We understand sending a child to any university/college can be a challenging and stressful time in a parent’s life. While at West Liberty University, your son or daughter will encounter many opportunities to become involved outside of their classroom experience. It is important that you, the parent, be educated about the enriching experience that your son or daughter can find by being involved in a fraternity or sorority at West Liberty.
Here are some answers to frequently asked questions:
What is being involved in a fraternity or sorority all about?
Many of you have seen many interesting shows on television and read in the newspaper, the reality is those particular situations are extreme cases of fraternity and sorority life and not at all representative of the norm. What the media does not tell you as a parent is that there are many life-long benefits to membership in fraternities and sororities. At universities like WLU, membership in a fraternity or sorority offers a home-away-from home and makes the university setting a smaller, more friendly community. Additionally, national research has shown that involvement in Greek Life increases students’ chances of graduating from universities/colleges. As a life-long member of a Greek organization, students are offered the opportunity to develop as leaders, serve the local community, and focus on academics, as well as their careers, by connecting with faculty, staff, and other students in addition to local alumni members, advisors and other Greek organizations.
My son or daughter is considering joining a fraternity or sorority, how should I advise them?
To be eligible, students must have at least a 2.0 grade point average. Since joining a fraternity or sorority is a lifelong commitment, and there is an expense associated with membership, it should be a joint decision between student and parent. Consider sitting down with your son or daughter and researching all of the organizations that are available to join. Utilizing local chapter and national websites are great, convenient methods of gathering information. Feel free to contact students who are currently involved and their parents and ask them about their experience. In most cases, both students and parents will speak candidly about their fraternity or sorority involvement. West Liberty University currently recognizes nine social fraternities and sororities, so there are options available to students.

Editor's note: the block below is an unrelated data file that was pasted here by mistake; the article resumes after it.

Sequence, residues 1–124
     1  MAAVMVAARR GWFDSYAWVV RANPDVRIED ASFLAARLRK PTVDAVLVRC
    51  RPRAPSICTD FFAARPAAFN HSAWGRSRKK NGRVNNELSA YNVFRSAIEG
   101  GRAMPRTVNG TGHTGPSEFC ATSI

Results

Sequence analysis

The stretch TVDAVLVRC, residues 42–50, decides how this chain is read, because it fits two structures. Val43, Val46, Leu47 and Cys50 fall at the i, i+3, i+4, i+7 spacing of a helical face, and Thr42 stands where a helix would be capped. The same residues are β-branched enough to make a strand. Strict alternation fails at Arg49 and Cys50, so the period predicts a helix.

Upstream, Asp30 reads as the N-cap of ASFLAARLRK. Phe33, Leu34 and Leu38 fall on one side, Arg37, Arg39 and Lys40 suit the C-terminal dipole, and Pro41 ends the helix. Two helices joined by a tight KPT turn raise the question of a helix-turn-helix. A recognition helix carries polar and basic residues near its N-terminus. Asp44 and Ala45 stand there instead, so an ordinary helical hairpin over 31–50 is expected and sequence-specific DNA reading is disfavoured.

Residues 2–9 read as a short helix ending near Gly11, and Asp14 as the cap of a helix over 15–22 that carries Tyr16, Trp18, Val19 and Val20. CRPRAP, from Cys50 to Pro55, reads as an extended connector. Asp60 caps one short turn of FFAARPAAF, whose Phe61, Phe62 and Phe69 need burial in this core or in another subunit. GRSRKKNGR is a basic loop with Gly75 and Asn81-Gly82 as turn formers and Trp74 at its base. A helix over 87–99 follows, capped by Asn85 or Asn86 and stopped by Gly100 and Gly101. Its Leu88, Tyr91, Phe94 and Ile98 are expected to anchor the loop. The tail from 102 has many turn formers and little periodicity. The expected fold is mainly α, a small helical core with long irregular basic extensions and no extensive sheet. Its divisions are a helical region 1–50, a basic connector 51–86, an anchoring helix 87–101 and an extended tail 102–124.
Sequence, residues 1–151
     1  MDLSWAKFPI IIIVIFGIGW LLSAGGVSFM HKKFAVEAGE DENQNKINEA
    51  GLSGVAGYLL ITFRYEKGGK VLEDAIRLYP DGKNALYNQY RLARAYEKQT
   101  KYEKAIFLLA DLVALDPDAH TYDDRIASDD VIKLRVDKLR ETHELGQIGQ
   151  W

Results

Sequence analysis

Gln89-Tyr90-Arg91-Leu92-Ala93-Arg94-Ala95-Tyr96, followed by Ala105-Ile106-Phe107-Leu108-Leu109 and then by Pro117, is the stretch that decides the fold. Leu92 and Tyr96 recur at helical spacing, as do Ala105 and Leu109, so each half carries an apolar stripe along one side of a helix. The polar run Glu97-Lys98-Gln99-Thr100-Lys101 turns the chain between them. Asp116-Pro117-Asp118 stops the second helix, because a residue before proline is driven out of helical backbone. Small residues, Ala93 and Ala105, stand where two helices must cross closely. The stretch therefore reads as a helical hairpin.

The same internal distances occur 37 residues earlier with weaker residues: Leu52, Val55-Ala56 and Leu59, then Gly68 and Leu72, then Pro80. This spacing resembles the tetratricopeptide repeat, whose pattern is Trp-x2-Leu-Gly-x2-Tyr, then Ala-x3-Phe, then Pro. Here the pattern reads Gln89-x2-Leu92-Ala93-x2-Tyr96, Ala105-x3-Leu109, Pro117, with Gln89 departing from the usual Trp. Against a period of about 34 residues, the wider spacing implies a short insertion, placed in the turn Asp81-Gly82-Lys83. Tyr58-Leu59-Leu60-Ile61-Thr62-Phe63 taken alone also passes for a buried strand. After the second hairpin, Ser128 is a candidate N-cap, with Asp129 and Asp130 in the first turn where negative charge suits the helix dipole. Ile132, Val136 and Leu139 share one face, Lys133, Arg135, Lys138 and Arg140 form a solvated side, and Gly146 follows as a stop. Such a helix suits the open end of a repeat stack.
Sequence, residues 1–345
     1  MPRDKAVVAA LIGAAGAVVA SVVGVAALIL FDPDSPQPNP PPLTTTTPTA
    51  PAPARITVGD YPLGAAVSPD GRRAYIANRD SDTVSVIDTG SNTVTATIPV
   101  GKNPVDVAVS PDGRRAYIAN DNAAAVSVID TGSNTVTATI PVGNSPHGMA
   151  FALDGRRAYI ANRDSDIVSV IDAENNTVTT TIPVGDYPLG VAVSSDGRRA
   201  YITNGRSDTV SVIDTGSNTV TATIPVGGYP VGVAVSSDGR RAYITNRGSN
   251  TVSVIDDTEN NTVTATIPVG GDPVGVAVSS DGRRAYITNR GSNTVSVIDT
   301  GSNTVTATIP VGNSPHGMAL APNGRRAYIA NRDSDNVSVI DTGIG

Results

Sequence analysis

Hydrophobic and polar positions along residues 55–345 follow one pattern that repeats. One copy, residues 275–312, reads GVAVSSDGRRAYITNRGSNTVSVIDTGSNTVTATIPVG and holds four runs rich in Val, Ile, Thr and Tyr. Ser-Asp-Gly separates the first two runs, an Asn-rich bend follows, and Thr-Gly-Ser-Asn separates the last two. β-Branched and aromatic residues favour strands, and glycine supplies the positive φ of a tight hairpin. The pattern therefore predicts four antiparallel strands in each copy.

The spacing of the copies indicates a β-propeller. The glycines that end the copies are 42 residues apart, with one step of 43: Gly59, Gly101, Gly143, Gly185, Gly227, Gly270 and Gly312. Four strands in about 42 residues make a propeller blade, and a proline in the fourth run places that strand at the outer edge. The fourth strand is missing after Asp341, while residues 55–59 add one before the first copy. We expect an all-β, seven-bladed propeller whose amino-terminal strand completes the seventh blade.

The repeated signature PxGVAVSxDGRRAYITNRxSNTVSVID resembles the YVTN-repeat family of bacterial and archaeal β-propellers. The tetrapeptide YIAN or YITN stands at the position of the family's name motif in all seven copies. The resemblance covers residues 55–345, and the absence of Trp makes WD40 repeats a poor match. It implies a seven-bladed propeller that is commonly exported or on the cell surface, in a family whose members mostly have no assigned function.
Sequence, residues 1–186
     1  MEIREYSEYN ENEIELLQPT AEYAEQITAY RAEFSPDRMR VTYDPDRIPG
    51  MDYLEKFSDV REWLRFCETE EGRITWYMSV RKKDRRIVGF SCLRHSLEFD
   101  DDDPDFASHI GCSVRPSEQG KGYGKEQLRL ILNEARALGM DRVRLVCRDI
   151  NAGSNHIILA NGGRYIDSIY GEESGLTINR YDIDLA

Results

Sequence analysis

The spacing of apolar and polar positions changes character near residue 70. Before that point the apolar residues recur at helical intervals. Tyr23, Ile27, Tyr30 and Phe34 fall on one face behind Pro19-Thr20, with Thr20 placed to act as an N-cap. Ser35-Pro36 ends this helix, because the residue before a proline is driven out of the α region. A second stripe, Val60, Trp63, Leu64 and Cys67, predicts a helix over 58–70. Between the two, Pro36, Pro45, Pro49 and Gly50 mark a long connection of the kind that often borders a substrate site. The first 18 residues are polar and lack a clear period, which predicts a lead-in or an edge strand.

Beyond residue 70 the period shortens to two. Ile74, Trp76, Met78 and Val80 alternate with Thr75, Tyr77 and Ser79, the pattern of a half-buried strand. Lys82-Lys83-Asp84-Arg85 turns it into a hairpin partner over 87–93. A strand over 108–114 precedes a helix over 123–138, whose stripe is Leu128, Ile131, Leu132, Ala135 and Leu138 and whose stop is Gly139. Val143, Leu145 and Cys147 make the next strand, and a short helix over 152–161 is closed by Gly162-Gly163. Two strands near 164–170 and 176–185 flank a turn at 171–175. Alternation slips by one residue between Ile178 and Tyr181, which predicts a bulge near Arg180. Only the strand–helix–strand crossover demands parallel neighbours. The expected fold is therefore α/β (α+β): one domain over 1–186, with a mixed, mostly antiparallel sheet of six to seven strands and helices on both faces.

As a parent, consider asking the following questions before your child joins a fraternity or sorority:
- What is expected of members?
- How will membership impact his/her academics?
- What leadership opportunities are available to students as both new members and active members?
- Does the chapter perform hands-on community service? If so, how often?
- What are the expenses associated with membership? How does this vary as a new member?
- What type of member is the chapter looking for?
- What values does this organization promote?
- Is the organization officially recognized by the University?